Vehicles of 2017 could get 54.5 mpg

Nov 21, 2011 By Sandy Bauers

One of the most powerful points in Thomas Friedman's book, "Hot, Flat and Crowded," was that when President Ronald Reagan rolled back fuel efficiency standards for American vehicles, it wasted an amount of petroleum equivalent to what's under the Arctic National Wildlife Refuge.

Quite an image.

Since then, economy standards have eked upward.

The Obama administration recently announced standards for model year 2017-2025 passenger cars and . The proposal calls for increases in fuel efficiency equivalent to 54.5 mpg - if all reductions were made through fuel economy improvements. So clearly there's wiggle room here for other improvements to add up to fuel efficiency.

The latest standard, for model year vehicles 2012-2016, will raise equivalent to 35.5 mpg by 2016.

According to the , cars, SUVs, minivans and pickup trucks are responsible for nearly 60 percent of U.S. transportation-related petroleum use and . The agency says that today's proposed standards would reduce by 4 billion barrels and cut 2 billion metric tons of over the lifetimes of the vehicles sold in those years.

On the level of an individual consumer, the agency said that the new standards would cost an average of up to $6,600 in fuel costs over the lifetime of a model year 2025 vehicle for a net lifetime savings of $4,400 after factoring in related increases in vehicle cost.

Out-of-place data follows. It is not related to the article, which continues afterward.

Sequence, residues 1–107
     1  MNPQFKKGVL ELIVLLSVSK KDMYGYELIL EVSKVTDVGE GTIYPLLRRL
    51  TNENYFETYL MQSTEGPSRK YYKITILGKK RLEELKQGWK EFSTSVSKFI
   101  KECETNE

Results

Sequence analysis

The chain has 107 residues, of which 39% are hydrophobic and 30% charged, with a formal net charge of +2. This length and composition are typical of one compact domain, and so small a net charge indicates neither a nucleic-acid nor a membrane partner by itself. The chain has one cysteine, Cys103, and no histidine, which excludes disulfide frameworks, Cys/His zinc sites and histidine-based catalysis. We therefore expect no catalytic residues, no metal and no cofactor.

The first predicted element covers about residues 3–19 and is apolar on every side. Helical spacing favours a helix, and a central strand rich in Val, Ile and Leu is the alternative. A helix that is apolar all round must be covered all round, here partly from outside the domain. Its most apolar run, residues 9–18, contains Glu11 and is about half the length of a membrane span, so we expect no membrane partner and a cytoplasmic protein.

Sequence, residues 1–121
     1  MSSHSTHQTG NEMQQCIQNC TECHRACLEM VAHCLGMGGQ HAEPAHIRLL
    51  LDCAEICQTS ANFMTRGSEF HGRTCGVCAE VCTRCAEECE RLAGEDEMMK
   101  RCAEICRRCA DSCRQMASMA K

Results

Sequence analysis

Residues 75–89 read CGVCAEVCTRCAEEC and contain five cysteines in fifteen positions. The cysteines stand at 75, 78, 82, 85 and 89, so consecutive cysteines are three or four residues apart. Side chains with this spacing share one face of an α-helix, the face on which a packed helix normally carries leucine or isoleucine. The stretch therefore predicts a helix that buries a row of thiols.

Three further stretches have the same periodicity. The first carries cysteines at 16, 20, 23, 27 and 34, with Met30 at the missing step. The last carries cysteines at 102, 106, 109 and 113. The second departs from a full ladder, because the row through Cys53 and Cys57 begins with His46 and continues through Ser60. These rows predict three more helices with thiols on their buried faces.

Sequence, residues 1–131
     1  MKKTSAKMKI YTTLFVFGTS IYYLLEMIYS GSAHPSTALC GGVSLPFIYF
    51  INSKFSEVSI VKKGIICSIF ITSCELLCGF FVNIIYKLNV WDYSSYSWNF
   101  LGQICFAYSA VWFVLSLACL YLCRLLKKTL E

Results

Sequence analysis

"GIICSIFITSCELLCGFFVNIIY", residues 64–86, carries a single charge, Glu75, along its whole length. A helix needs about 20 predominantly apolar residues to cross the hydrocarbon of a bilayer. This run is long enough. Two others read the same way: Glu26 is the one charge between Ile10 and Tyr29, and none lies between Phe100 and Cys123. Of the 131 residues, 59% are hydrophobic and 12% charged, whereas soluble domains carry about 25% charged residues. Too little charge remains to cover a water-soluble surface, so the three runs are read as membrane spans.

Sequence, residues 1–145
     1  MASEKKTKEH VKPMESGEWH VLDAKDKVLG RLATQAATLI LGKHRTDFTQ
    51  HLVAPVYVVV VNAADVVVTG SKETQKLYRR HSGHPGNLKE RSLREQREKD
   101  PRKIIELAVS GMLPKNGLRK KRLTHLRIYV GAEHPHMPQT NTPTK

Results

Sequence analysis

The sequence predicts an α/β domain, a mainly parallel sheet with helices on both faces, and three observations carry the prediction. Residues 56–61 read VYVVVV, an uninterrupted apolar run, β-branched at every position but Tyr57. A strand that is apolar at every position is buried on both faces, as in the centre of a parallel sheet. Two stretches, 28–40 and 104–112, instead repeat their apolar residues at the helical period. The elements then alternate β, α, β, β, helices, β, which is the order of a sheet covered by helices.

"Overall, the net benefit to society from this rule would total more than $420 billion over the lifetime of the vehicles sold in model year 2017-2025," the EPA said in a press release.

Environmental groups praised the move.

"The Obama administration's clean cars proposal represents the biggest step ever taken to end America's addition to Big Oil," said Jillian Hertzberg, Clean Vehicles Associate with Environment America, in a press release. "By making the cars and trucks of the future cleaner and more fuel efficient, these standards will reap big benefits for our environment, our health and our economy."

Explore further: Are electric cars greener? Depends on where you live

More information: Read more about the proposal: www.nhtsa.gov/fuel-economy